millions billions of dollars trying to keep us online to wring the dollars out of us, what does this mean for our digital wellbeing? For children who have never known a world without myriad screens, and for teens navigating an already crazy time now further complicated by a whole new frontier? This video sums up that challenge:
After spending so much time writing about the challenges we are facing, it is refreshing to get to the opportunities part of the blog post. The part I get excited about! The part that motivates me to continue studying, learning and working in this area. So you would think that I would have a lot to say about the opportunities before us.
Strangely, I can outline the opportunities we have within the context of open networked learning in just a few words:
Connection, Education, Humanity.
We have the capacity to connect like never before. We have the ability to learn with and from each other through the sharing of information and resources via more channels than we can imagine. We have the opportunity to become more human, and to understand and empathise with each other, to walk in each others’ shoes and see from others’ perspectives in ways never previously experienced.
I have reflected on this blog previously about how I personally have chosen to create positive social networks to contribute to the experience of open networked learning.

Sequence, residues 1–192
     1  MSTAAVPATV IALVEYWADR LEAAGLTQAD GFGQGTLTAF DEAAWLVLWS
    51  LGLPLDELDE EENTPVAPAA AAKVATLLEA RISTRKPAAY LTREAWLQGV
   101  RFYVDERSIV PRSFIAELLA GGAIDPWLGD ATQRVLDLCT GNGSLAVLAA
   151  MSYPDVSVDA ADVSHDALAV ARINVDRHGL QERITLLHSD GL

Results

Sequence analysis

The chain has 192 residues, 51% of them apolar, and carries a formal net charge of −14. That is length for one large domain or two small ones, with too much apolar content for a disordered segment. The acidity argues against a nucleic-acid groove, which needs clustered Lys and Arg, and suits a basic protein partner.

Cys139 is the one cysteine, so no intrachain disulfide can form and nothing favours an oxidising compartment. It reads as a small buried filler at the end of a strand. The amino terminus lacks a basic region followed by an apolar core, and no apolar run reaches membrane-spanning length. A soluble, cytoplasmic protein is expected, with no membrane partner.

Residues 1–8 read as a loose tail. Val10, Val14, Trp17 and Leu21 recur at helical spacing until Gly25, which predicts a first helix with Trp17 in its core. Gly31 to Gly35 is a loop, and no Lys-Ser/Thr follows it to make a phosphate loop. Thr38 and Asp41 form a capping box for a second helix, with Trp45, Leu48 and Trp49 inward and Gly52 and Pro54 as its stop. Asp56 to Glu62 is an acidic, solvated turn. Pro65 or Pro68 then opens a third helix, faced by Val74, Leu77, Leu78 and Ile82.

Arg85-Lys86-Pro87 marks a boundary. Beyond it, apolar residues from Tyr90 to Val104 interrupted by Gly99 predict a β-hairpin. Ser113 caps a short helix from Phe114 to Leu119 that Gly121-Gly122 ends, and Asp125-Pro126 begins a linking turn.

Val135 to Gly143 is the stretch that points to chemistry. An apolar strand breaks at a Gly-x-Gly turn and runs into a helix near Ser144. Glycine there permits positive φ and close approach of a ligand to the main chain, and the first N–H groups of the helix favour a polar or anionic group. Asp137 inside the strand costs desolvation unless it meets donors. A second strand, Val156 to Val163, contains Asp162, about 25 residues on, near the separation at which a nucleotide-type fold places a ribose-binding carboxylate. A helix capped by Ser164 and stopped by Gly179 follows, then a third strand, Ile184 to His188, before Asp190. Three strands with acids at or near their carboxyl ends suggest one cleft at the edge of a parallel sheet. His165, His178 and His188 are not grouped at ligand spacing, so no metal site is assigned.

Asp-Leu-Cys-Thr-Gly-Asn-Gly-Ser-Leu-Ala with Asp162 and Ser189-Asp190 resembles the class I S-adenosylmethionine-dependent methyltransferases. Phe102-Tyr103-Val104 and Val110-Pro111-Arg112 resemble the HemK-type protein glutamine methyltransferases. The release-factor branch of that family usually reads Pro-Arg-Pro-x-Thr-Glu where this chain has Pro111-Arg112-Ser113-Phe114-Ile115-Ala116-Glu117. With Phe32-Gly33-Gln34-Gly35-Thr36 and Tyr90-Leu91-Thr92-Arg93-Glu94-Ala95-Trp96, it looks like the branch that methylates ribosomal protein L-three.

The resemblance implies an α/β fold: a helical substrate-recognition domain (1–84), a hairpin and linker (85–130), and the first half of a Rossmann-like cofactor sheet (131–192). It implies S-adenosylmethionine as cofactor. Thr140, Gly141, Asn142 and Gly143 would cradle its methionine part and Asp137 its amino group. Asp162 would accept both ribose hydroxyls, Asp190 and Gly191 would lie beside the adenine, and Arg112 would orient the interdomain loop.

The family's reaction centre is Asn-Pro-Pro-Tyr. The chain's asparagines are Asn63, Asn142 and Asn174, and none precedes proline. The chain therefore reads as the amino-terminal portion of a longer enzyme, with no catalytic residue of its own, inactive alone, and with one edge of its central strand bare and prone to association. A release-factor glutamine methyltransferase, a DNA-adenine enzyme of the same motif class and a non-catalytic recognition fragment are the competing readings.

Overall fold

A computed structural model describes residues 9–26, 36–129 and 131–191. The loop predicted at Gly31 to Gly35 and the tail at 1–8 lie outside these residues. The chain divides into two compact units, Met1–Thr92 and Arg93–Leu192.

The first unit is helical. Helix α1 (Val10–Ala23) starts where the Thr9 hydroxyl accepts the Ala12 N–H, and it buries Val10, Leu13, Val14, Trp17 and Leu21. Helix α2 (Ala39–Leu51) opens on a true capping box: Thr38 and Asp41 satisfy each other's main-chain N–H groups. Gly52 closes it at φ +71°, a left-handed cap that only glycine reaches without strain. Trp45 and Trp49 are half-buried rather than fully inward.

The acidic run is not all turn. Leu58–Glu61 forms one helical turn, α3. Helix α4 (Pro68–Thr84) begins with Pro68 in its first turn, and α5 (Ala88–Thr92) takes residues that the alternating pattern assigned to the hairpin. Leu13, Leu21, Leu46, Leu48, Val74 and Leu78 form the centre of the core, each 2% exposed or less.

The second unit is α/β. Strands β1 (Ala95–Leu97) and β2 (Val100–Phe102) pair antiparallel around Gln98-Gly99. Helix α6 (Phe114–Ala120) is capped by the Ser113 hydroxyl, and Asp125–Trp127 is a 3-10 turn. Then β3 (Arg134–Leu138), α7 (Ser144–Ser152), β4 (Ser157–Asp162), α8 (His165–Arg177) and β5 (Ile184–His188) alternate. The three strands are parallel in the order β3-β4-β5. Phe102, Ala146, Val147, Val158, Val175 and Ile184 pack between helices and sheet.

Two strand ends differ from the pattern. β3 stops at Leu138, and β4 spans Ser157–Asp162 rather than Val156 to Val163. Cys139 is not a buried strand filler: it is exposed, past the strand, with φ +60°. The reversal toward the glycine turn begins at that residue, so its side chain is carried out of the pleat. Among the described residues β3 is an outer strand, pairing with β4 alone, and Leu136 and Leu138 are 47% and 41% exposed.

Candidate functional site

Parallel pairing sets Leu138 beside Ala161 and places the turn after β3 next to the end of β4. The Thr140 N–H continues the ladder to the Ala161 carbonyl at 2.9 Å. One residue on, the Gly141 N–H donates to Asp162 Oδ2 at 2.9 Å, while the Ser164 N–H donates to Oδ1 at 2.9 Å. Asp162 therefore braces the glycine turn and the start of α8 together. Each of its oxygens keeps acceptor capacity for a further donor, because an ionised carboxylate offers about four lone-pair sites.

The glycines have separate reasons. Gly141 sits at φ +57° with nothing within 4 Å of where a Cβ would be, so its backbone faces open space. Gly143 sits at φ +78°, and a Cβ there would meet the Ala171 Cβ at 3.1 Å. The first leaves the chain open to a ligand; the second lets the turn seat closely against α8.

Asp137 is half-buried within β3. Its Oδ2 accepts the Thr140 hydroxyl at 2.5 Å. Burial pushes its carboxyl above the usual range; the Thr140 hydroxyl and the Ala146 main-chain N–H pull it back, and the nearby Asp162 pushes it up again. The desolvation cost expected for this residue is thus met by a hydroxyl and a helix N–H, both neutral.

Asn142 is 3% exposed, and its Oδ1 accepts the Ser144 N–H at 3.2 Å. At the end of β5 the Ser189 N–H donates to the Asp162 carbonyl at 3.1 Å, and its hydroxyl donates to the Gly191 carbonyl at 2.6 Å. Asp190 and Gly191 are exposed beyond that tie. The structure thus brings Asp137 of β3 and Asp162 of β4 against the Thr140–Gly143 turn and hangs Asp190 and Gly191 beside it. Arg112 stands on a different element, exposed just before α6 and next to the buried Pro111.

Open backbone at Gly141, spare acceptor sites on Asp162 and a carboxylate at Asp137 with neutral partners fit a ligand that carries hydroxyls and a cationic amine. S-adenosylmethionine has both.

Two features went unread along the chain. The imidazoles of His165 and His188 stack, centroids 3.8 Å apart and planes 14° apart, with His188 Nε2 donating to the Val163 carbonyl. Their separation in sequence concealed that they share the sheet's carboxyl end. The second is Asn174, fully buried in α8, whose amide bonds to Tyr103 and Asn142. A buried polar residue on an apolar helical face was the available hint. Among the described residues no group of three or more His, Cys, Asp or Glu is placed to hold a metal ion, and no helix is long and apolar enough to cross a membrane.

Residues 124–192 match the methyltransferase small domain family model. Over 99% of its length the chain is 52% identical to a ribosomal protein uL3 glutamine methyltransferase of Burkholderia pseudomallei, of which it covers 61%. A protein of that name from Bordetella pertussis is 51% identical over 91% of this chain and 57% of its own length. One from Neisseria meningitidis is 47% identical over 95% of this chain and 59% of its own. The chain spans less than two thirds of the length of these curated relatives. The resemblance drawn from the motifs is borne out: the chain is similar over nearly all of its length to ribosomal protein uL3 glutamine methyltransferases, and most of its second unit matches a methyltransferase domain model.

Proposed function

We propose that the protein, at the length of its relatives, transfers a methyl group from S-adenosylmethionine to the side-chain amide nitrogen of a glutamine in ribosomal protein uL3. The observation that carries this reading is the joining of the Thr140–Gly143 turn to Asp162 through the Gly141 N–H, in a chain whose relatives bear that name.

Your participation in the Open Networked Learning course signifies that you are taking advantage of this opportunity. As educators, we are in a fortunate position to be able to distribute this opportunity to our students and beyond. If we embrace openness, even in a small way, we can ensure certain barriers to access are reduced, thus helping to overcome some of the polarization that comes from lack of education. Here’s a wonderful interview with Maha Bali on openness in education which sums up this attitude and approach beautifully.
There are many projects online and offline which help to contribute to creating a world of connection, education and humanity.
Why not check out:
This post is a point in time post. As I explained at the beginning, things change – fast – in this context, and so what is today, may not be tomorrow.
Thanks also to the Equity Unbound online course and
@bali_maha @catherinecronin and @miazamoraPhD for putting together a wonderful selection of resources, from which I have drawn.